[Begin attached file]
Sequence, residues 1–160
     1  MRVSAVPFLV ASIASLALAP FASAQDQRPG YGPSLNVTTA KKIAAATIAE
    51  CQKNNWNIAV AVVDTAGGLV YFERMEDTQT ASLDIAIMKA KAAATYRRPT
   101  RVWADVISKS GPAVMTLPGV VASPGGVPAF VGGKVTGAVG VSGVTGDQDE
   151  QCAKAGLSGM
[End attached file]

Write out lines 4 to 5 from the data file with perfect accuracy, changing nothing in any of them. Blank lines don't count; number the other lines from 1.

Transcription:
   101  RVWADVISKS GPAVMTLPGV VASPGGVPAF VGGKVTGAVG VSGVTGDQDE
   151  QCAKAGLSGM